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Lifetime learning, biased technological change and the evolution of wages in the U.S. 1960 - 1990

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  • Klaus Waelde

    (Tinbergen Institute)

Abstract

Stylized facts derived from wage pattern analysis in the U.S. point to the importance of non-standard explanations for changes of relative wages. Learning while working is predicted to be able to account for wage divergence so far unexplained. Increases in productivity differ among individuals due to heterogeneity in learning capabilities which excludes a group of workers from training. This selectivity can explain relative wages changes within as well as between groups. Wage divergence within groups is an equilibrium property in the 1970s. It was not observed before since other relative wage neutral investments were more profitable. The introduction of new production processes at the beginning of the 1980s leads to either a limited but permanent or unlimited increase in relative wages between groups. The latter happens if labor is substituted for by human capital and physical capital. It is shown how to empirically distinguish between these explanations.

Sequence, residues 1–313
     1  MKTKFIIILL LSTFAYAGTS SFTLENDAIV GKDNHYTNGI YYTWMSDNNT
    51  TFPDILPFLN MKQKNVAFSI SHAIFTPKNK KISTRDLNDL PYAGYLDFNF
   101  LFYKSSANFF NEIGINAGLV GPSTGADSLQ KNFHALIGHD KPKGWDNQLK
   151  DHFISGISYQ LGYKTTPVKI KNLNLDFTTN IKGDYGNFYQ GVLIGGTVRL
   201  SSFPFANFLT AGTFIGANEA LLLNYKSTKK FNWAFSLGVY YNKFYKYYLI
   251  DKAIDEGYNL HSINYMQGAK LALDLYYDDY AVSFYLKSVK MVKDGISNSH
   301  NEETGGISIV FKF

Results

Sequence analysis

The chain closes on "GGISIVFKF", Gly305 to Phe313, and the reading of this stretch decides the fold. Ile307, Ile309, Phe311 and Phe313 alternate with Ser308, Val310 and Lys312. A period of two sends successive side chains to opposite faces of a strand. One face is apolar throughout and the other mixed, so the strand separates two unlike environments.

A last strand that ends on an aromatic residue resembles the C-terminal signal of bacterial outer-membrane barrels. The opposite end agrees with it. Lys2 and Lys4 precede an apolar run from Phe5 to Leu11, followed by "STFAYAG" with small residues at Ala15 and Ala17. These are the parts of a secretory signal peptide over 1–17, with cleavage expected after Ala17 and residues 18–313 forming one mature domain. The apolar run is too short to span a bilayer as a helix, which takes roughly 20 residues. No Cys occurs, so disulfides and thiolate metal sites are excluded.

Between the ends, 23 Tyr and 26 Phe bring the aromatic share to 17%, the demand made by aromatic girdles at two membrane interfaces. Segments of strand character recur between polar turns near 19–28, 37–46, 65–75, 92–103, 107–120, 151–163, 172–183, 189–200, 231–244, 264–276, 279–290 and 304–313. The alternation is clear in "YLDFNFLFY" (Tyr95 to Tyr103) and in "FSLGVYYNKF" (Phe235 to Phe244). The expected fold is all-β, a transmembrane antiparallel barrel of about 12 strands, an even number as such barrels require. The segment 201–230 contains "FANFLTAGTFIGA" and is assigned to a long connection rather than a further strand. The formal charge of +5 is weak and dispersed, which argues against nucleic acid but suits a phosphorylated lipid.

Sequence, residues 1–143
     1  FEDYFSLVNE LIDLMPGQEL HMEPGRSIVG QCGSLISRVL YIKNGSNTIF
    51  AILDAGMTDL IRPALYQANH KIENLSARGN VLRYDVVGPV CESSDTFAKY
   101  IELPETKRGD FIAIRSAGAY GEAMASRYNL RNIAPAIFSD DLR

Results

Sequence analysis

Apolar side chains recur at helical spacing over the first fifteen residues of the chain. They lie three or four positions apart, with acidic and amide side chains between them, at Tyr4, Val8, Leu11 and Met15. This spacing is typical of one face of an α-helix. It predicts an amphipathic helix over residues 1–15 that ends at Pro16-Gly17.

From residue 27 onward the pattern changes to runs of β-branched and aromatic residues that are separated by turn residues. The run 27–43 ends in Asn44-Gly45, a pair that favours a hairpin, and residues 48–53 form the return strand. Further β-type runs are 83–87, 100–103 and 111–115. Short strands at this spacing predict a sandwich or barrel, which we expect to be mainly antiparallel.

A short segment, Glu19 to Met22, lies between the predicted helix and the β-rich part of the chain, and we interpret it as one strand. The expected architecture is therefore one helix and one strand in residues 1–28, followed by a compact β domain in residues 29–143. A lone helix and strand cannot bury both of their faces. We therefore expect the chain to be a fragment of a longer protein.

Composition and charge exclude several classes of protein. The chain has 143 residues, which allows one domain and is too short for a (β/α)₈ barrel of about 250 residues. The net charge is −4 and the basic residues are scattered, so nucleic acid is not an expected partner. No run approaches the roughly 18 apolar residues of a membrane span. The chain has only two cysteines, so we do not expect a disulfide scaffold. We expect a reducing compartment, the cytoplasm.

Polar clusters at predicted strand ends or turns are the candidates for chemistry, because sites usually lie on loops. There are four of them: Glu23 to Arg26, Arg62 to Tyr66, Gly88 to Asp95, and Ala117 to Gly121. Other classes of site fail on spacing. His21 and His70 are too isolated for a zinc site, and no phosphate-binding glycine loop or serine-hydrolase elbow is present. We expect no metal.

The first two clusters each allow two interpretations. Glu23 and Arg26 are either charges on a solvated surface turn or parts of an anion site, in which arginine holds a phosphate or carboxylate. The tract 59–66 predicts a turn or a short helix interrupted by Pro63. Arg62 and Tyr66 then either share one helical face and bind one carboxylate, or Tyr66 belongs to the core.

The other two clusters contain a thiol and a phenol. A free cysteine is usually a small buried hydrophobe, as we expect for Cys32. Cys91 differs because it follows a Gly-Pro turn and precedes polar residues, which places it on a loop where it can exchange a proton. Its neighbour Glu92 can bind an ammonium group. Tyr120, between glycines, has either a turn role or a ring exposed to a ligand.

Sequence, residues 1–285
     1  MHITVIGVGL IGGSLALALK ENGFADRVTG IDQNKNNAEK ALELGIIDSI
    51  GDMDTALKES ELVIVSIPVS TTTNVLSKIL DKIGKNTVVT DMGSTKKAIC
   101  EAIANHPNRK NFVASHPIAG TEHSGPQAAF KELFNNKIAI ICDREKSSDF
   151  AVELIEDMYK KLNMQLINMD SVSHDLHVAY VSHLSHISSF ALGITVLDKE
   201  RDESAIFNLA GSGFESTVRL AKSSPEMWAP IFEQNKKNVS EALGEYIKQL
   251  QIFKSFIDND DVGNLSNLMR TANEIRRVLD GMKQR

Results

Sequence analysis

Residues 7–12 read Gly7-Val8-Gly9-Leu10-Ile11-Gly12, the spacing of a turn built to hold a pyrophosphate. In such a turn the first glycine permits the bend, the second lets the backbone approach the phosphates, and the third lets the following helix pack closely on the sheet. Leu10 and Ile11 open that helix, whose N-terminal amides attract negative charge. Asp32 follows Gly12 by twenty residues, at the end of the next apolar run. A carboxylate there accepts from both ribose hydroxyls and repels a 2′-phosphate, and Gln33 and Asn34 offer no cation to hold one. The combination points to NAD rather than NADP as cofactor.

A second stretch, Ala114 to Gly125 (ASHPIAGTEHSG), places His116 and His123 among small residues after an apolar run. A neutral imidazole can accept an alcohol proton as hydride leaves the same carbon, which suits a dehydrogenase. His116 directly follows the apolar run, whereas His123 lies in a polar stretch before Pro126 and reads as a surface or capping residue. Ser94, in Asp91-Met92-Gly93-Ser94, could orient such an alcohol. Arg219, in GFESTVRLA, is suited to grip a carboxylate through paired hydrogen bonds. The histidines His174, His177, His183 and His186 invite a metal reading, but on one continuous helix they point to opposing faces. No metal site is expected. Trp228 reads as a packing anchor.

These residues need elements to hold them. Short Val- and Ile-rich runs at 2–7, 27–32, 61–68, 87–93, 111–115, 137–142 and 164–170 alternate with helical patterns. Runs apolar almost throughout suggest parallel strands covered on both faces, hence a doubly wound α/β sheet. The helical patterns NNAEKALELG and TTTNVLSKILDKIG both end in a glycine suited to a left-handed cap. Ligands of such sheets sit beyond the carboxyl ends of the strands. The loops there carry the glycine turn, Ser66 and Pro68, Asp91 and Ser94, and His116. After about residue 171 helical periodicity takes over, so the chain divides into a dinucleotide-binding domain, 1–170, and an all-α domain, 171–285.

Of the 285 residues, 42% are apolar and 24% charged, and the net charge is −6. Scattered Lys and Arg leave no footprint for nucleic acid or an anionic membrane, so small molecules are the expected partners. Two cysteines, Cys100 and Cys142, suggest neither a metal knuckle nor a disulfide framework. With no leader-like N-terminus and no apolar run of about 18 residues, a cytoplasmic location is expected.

Suggested Citation

  • Klaus Waelde, 1996. "Lifetime learning, biased technological change and the evolution of wages in the U.S. 1960 - 1990," Labor and Demography 9601001, University Library of Munich, Germany.
  • Handle: RePEc:wpa:wuwpla:9601001
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    More about this item

    JEL classification:

    • J31 - Labor and Demographic Economics - - Wages, Compensation, and Labor Costs - - - Wage Level and Structure; Wage Differentials
    • O33 - Economic Development, Innovation, Technological Change, and Growth - - Innovation; Research and Development; Technological Change; Intellectual Property Rights - - - Technological Change: Choices and Consequences; Diffusion Processes

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